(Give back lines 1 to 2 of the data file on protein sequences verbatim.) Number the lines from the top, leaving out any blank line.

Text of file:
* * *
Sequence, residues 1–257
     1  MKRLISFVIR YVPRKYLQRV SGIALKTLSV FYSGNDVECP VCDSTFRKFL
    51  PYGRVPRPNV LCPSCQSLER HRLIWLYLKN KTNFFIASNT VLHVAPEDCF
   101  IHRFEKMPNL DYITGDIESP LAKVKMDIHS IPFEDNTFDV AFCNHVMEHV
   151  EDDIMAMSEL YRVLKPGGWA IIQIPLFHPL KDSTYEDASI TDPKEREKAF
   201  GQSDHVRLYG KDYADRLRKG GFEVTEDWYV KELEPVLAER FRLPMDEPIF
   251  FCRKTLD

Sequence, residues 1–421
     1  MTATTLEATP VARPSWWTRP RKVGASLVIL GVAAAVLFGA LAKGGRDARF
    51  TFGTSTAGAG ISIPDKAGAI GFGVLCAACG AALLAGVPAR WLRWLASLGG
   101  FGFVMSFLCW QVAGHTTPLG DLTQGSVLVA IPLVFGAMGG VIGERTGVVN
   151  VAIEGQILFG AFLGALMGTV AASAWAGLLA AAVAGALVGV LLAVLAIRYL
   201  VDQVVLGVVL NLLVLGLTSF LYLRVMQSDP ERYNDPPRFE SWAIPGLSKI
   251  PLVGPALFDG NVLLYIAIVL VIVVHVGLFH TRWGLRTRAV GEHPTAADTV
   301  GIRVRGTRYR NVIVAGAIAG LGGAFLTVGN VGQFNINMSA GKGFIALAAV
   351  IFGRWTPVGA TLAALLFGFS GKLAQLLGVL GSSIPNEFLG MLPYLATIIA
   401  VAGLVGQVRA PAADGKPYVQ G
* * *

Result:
Sequence, residues 1–257
     1  MKRLISFVIR YVPRKYLQRV SGIALKTLSV FYSGNDVECP VCDSTFRKFL